Mandatory Chemical Castration: Law, Efficacy and Human Rights

Project: Research

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Description

This research addresses the legitimacy of mandatory chemical castration as aresponse to pedophile offenses. Should states compel men convicted of sexual offensesagainst children to undergo (reversible) chemical castration as part of their punishmentand rehabilitation programs? Is chemical castration an effective method to controlpedophile offenders and provide the greatest protection to society? Does chemicalcastration as mandatory state policy comply with generally recognized norms ofinternational human rights law?The effectiveness of mandatory chemical castration turns on the issue of publicsafety, considered use of scarce state funds and ease of subverting the effects of thedrugs. Many sex offenders are motivated out of a deviant need to exert dominance overtheir victims, something chemical castration does not address. Moreover, certain drugscan be used to counter-act the effects of chemical castration such as the steroidtestosterone. States that adopt mandatory chemical castration run the risk of relying onit as a panacea at the cost of other more effective means of curbing pedophile behavior.Additionally, mandatory chemical castration may violate widely accepted principles ofinternational human rights law. These objections are grounded in theories of cruel andunusual punishment, violation of the right to privacy, right to procreation, and that it isa form of torture or cruel, inhumane and degrading treatment or punishment. Arguably,mandatory chemical castration is unnecessary in relation to the gravity of the problemand the existence of other treatment/punishment modalities and it disproportionatlyimpacts the human rights of the offender. Additionally, non-compulsory chemical (orphysical) castration may violate the human rights of the offenders as the accused maylack the requisite voluntariness for true consent.The importance of this research is manifest as a number of countries have alreadyenacted mandatory chemical castration (e.g., Moldavia, Russia, South Korea, etc.) and afar larger number are contemplating it. Mandatory chemical castration represents amajor departure from previous practices and will greatly impact criminal and humanrights law as well as the study of criminology. Yet, there is scarcely any literature on thispoint, creating a lacuna in the scholarship. The value of this work is that it can assistpolicy-makers and stake holders in the criminal justice system to realistically appraisewhether mandatory chemical castration is a legitimate response to pedophile offenses.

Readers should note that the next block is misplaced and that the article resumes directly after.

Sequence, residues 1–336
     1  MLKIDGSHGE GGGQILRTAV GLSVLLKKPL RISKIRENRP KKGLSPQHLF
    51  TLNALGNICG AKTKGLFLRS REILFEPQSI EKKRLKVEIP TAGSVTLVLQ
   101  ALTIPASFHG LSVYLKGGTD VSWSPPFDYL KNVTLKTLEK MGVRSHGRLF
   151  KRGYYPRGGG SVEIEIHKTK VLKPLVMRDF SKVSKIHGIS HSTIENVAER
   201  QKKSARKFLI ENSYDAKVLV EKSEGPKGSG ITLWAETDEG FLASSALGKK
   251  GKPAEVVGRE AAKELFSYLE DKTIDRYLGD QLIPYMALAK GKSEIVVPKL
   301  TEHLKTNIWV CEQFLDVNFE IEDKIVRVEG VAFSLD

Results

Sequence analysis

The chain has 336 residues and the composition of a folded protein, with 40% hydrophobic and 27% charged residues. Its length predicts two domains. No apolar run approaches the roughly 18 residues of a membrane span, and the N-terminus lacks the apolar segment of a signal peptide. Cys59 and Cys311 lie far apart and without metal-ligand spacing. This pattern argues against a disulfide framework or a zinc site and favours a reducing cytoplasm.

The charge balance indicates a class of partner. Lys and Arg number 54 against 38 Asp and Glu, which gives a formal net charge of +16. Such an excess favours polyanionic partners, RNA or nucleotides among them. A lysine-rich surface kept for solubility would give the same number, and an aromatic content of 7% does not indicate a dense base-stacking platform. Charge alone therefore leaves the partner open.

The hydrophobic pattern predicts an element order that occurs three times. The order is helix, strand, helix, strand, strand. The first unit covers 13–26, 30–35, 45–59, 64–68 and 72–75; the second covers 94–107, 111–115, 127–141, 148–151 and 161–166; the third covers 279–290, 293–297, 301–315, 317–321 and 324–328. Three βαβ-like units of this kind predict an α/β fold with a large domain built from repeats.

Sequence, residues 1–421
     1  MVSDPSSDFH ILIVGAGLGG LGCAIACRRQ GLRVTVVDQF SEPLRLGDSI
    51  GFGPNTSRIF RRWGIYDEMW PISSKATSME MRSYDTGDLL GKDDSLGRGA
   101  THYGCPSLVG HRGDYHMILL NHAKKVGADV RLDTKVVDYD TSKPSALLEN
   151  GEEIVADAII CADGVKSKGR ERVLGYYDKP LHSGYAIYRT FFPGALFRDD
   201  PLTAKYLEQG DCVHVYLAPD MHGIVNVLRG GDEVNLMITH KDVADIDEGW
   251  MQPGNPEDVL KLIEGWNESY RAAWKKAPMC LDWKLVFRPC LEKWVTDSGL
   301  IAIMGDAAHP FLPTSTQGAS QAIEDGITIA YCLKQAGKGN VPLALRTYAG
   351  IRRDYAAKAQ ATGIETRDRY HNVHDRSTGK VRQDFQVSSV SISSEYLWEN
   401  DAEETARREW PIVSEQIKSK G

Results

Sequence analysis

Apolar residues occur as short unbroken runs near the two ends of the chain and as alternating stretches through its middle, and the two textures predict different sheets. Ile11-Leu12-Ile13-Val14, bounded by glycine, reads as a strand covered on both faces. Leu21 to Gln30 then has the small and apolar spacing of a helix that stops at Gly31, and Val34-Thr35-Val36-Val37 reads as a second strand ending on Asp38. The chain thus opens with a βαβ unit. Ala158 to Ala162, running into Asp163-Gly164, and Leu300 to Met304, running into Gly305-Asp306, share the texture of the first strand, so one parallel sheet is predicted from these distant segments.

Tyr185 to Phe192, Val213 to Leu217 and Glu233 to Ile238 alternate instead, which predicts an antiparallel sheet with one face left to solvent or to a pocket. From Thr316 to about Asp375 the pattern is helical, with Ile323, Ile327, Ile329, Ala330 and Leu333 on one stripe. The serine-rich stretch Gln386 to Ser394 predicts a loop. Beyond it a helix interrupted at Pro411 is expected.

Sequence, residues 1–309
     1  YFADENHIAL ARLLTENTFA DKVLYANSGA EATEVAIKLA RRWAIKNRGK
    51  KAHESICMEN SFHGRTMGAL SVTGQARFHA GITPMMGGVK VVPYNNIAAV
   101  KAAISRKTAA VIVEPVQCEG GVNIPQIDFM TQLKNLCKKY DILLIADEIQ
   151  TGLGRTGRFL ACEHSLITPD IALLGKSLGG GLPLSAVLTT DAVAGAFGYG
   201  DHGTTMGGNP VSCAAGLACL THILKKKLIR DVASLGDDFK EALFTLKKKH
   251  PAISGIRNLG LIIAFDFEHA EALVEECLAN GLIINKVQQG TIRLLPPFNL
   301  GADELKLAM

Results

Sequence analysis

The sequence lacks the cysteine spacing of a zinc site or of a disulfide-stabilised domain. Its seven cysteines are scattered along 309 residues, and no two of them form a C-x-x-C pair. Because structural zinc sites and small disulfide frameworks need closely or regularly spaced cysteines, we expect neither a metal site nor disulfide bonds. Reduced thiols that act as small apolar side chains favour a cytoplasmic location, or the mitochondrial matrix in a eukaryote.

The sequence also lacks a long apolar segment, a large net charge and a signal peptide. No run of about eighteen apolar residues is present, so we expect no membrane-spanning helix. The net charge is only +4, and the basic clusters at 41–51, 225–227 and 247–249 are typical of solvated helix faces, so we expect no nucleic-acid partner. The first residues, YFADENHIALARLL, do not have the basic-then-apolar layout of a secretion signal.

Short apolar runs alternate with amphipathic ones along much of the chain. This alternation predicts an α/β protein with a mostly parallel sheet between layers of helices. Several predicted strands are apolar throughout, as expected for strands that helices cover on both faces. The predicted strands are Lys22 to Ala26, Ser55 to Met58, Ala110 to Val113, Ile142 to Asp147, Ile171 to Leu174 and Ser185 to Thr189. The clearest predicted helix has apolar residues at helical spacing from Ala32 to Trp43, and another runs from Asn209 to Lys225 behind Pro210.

Detail(s)

Project number9042292
StatusFinished
Effective start/end date1/01/1610/05/19

    Research areas

  • pedophile offenders,human rights ,chemical castration,effective punishment policy,